More North Carolina passenger-rail construction projects appear to be on tap, thanks to a recently signed agreement among federal and state agencies and railroad companies.
With the signing of the pact on March 22, the Federal Railroad Administration (FRA) has formally obligated $461 million in stimulus-act funds to the North Carolina Dept. of Transportation (NCDOT) for rail improvements between Raleigh and Charlotte.
But there is a potential hurdle: A Republican member of the state’s House of Representatives has introduced a bill that would bar NCDOT from spending any federal high-speed-rail funds unless the state Legislature approves it.
FRA awarded the aid to North Carolina in January 2010, but the release of the money for construction work was contingent on an agreement among the major players: FRA. NCDOT, Amtrak, Norfolk Southern Railway and the state-owned North Carolina Railroad.
The state railroad owns the tracks and leases them to Norfolk Southern. Amtrak operates the passenger service on the route.
U.S. Transportation Secretary Ray LaHood says the newly obligated federal funds will finance 24 projects in 11 North Carolina counties. The work includes adding a second track between Charlotte and Greensboro as well as constructing 12 bridges to eliminate highway-rail grade crossings.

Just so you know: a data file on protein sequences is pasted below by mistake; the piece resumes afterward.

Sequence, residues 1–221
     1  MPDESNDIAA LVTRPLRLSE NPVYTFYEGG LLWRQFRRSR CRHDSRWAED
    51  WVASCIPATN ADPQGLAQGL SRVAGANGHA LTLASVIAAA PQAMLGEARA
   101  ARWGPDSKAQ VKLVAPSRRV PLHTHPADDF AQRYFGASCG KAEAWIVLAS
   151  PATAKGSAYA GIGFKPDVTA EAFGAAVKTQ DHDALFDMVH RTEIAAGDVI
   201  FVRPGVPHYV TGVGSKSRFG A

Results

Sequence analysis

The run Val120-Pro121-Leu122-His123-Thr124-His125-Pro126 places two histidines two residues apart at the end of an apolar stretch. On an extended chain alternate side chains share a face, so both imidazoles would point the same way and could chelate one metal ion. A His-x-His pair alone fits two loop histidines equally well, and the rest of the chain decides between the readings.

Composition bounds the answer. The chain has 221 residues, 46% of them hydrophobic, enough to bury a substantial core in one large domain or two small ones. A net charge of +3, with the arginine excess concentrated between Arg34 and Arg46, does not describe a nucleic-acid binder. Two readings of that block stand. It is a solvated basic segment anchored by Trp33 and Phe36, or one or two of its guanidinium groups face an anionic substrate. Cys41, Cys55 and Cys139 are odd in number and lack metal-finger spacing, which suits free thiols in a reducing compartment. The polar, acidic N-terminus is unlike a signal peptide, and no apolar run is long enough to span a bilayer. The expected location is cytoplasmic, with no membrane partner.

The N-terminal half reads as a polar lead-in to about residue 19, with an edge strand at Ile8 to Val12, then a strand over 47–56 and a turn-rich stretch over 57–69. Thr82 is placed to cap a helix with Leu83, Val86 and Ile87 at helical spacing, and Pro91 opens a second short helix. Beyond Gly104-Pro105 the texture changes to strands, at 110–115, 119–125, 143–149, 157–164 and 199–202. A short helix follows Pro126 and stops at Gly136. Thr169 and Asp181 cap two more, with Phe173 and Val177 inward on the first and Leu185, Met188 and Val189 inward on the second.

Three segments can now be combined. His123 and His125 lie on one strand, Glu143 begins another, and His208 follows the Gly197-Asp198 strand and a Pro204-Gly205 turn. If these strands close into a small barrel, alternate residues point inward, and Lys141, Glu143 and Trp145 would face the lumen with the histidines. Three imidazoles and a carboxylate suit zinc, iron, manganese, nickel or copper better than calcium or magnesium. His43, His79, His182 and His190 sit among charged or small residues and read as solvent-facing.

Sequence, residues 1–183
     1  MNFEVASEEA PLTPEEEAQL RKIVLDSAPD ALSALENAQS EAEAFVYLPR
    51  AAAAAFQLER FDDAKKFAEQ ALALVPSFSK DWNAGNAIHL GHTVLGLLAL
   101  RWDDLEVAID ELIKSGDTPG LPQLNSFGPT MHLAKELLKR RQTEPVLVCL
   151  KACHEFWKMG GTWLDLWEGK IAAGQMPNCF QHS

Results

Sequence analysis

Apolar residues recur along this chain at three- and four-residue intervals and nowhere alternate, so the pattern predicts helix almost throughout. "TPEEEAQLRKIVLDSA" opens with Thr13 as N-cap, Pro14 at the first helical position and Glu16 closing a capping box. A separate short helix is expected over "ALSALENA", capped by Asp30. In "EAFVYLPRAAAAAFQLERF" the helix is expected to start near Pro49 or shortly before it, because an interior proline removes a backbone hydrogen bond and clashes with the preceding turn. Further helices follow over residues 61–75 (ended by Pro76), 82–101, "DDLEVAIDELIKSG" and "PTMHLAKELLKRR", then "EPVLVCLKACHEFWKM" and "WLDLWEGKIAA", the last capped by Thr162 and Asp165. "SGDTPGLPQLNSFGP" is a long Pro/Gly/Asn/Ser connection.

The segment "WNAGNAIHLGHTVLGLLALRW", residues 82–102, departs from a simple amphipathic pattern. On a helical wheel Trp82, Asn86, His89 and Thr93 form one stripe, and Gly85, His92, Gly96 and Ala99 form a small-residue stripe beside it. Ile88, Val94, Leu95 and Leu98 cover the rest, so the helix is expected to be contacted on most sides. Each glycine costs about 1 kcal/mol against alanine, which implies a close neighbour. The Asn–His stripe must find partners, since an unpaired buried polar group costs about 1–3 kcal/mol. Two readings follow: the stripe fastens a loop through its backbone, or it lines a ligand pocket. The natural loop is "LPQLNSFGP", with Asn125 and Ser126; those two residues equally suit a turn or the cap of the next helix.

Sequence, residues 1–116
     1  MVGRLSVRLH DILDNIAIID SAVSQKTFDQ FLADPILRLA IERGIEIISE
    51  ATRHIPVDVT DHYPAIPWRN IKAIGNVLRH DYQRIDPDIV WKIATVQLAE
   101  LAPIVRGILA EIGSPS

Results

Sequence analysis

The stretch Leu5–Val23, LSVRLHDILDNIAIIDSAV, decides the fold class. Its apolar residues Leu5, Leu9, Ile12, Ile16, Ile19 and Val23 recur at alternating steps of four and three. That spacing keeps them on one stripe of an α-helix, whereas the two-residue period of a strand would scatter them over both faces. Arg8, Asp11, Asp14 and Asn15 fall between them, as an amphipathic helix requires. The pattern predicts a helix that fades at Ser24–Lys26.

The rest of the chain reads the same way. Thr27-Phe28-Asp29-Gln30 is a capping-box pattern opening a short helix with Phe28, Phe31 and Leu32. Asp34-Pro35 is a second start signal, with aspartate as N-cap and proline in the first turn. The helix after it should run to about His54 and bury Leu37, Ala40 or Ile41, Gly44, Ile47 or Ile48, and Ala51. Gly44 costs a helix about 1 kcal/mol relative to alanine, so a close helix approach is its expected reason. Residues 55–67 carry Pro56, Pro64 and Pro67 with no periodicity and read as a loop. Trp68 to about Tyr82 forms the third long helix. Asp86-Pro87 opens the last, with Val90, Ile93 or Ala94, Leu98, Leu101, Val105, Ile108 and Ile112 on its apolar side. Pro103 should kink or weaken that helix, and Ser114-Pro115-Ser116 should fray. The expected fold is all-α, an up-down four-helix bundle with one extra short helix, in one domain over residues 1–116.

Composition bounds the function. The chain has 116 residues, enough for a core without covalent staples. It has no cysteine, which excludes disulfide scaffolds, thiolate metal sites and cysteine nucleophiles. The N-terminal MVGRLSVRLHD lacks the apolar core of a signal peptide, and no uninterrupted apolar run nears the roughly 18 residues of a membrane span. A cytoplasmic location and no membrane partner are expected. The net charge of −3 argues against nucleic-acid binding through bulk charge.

NCDOT, which will handle the contracting, has at least some of the engineering work under contract for the projects funded by the $461 million. “We expect to award the first construction contracts in about a year,” says Nicole Meister, a NCDOT spokeswoman.
FRA previously had obligated another $59 million to NCDOT, including funds for upgrades at four stations, and Meister says that station construction work is under way.
But on March 22, Rep. Ric Killian (R) introduced a measure in the North Carolina House that would not allow the state DOT to “apply for, accept or expend any grant funding from the federal government for any high-speed-rail project unless the project has been approved through an act of the General Assembly.”
With the latest North Carolina agreement, FRA has obligated a total of $5.4 billion for high-speed passenger rail projects and corridors nationwide. Nearly all that money is part of the 2009 American Recovery and Reinvestment Act’s $8-billion appropriation for high-speed rail.
As for the remaining unobligated ARRA funds, FRA now is seeking to redistribute $2.4 billion in rail money awarded to Florida in January 2010 but which later was rejected by the state’s governor, Rick Scott (R). About $1.6 billion of that money came from the stimulus measure.
The deadline for applications for the turned-back Florida funds is April 4.